Kindle has a large selection to choose from, larger than any of the other readers by far with over 140 selections matching the search term “H.P. Lovecraft” (of course almost all of them are the same stories over and over—but you can find what you’re looking for at the right price). A quick perusal of almost any topic will yield a wider selection on the Kindle.
Book covers float in front of the Kindle logo wallpaper or there’s a list you may sort by most recently read, title, or author.
A quick note about the covers: Inexplicably Amazon has let the Kindle use extremely low-res images for some of it’s covers—including for-pay books—making the whole Kindle presentation look amateurish. None of the other readers let this happen.
The Kindle app has trouble respecting the orientation of the iPad and has to be reminded which way it’s supposed to go. No other reader had this problem and this goes a fair amount toward making the Kindle cumbersome to use.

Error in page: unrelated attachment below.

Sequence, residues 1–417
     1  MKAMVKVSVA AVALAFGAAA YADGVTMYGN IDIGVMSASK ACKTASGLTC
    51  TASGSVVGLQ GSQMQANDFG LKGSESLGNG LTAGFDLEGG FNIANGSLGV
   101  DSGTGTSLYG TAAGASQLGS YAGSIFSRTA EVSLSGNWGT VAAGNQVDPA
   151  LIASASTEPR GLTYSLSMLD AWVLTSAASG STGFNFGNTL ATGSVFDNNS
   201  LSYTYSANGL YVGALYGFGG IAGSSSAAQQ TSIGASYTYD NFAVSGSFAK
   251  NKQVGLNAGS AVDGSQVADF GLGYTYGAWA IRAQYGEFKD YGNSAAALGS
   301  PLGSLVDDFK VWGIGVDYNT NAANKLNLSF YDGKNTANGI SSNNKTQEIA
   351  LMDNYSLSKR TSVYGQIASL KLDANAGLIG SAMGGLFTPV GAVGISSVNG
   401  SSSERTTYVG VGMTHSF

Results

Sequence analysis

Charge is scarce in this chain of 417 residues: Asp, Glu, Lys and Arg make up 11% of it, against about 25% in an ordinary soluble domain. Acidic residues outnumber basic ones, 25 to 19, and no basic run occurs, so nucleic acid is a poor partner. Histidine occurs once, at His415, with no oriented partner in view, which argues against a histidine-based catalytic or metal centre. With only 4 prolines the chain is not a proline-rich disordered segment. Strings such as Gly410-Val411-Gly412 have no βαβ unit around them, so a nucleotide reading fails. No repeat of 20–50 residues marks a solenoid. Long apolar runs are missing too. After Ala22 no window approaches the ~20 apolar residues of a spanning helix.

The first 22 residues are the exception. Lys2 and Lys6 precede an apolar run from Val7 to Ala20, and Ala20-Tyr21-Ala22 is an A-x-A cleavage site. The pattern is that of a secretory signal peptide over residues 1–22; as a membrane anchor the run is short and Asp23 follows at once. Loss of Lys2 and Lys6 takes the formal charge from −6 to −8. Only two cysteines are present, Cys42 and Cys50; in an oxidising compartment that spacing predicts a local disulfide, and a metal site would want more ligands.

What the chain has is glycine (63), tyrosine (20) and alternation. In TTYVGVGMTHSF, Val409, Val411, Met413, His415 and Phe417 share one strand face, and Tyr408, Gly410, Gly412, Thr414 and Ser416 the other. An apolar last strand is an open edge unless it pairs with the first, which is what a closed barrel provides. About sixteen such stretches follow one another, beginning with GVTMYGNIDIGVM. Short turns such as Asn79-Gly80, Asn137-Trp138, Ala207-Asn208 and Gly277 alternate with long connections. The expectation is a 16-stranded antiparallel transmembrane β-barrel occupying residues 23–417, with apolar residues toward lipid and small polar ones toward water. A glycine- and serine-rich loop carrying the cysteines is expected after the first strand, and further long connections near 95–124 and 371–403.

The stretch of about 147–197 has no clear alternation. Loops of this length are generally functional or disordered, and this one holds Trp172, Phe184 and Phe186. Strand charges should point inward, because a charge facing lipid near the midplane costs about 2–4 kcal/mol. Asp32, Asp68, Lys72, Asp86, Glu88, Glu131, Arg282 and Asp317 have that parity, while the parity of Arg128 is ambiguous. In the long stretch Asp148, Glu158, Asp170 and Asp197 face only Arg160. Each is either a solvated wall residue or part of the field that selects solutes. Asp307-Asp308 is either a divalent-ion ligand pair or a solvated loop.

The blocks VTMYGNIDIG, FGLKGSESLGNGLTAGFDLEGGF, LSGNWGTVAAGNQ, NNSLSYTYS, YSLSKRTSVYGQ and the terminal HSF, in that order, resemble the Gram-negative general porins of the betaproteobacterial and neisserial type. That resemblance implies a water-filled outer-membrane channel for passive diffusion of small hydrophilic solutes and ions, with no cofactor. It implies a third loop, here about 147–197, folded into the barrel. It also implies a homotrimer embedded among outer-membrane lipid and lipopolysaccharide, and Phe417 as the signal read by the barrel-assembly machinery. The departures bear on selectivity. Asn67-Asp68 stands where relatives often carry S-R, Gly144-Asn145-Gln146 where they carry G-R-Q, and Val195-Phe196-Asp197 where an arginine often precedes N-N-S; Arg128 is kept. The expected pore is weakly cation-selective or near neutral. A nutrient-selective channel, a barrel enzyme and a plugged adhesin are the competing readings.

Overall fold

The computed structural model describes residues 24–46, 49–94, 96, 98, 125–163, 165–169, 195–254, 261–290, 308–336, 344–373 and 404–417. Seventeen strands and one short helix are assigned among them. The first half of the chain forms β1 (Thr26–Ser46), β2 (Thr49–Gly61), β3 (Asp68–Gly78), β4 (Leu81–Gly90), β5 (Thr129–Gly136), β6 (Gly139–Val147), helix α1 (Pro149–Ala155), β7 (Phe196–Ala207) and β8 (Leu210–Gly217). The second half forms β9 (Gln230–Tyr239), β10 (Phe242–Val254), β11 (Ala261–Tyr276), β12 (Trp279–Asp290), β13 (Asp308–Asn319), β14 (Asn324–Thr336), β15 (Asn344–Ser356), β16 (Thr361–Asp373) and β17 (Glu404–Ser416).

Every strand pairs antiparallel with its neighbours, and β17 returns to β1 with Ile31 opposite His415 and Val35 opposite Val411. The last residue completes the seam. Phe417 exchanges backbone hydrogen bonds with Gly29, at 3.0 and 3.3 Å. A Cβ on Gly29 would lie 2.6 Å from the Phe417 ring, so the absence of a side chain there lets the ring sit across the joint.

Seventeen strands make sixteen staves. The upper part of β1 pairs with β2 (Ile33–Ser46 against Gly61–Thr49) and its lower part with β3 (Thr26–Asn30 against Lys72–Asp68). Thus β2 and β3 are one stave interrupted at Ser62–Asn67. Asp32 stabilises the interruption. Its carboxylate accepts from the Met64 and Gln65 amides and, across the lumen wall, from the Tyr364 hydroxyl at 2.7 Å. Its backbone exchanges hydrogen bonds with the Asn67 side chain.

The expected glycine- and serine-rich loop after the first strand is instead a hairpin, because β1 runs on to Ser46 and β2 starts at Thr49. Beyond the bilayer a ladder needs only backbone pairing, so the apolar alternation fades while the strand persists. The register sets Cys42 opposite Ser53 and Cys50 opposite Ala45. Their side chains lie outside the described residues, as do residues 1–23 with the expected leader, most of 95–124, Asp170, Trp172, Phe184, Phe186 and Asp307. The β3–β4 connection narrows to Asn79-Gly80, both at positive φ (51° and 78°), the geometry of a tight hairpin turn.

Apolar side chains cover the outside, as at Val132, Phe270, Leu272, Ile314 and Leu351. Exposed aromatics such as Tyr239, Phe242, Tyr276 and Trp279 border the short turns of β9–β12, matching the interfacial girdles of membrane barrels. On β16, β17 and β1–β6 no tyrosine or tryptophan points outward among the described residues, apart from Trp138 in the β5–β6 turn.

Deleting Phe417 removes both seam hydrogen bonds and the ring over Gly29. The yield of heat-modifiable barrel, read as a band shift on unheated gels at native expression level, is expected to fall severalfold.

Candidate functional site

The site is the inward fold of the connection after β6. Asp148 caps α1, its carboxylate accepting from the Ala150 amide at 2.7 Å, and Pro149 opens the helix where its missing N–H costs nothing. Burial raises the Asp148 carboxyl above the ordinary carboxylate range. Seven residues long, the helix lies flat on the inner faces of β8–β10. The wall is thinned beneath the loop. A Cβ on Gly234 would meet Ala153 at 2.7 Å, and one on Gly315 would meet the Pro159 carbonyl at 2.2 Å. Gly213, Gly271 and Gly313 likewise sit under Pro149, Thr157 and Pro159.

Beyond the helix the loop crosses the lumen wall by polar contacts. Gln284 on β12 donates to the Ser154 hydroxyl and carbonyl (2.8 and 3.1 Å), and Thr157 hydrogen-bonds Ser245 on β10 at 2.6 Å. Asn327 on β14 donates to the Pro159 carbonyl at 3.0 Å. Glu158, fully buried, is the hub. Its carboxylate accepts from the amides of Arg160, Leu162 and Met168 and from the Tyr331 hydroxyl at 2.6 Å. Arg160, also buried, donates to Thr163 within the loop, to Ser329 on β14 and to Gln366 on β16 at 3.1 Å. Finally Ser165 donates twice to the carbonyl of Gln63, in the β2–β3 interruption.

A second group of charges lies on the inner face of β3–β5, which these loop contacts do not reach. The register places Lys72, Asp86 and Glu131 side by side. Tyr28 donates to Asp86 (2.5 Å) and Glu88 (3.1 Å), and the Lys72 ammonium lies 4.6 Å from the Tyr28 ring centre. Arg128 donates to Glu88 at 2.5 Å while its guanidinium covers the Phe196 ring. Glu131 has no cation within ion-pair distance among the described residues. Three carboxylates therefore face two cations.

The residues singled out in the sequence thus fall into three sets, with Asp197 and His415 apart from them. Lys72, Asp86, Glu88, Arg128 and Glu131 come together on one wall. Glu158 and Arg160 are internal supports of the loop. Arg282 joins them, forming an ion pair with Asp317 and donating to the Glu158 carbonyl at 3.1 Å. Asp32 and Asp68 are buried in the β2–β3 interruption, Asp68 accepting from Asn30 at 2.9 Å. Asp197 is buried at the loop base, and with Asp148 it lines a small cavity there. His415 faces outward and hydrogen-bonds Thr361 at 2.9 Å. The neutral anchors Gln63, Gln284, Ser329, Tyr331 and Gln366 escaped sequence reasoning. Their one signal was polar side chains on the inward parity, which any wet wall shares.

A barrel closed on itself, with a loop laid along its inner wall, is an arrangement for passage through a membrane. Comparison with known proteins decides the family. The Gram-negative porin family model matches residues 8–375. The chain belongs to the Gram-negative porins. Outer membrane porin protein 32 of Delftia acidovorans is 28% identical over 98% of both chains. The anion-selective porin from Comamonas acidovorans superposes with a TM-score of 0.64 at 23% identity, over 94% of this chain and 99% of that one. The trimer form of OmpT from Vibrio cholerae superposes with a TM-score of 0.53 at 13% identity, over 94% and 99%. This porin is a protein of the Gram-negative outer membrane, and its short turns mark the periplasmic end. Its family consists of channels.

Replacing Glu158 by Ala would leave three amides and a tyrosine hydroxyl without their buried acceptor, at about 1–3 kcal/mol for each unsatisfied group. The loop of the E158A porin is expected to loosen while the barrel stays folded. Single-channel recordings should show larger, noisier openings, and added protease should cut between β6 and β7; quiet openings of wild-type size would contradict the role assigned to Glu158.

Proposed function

The only thing Kindle has going for it is selection. The app is inferior with the weakest customization, least features, buggy treatment of iPad orientation, and horrid book covers for purchased books. But the selection, I must emphasize, is vast.
Also price. Kindle is still at war and it’s winning some battles, though not all. Depending on what you’re getting, there could be a significant price difference between a Kindle version and anyone else’s version. It would behoove you to search at least Kindle in addition to whichever other store you prefer before you buy.
The kobo app from Borders is painful. It’s supremely elegant and is easily the best in one category but it suffers tragically from flaws—one of them a particularly glaring and frustrating one. But even if its worst flaw is one day corrected it would still not live up to other readers.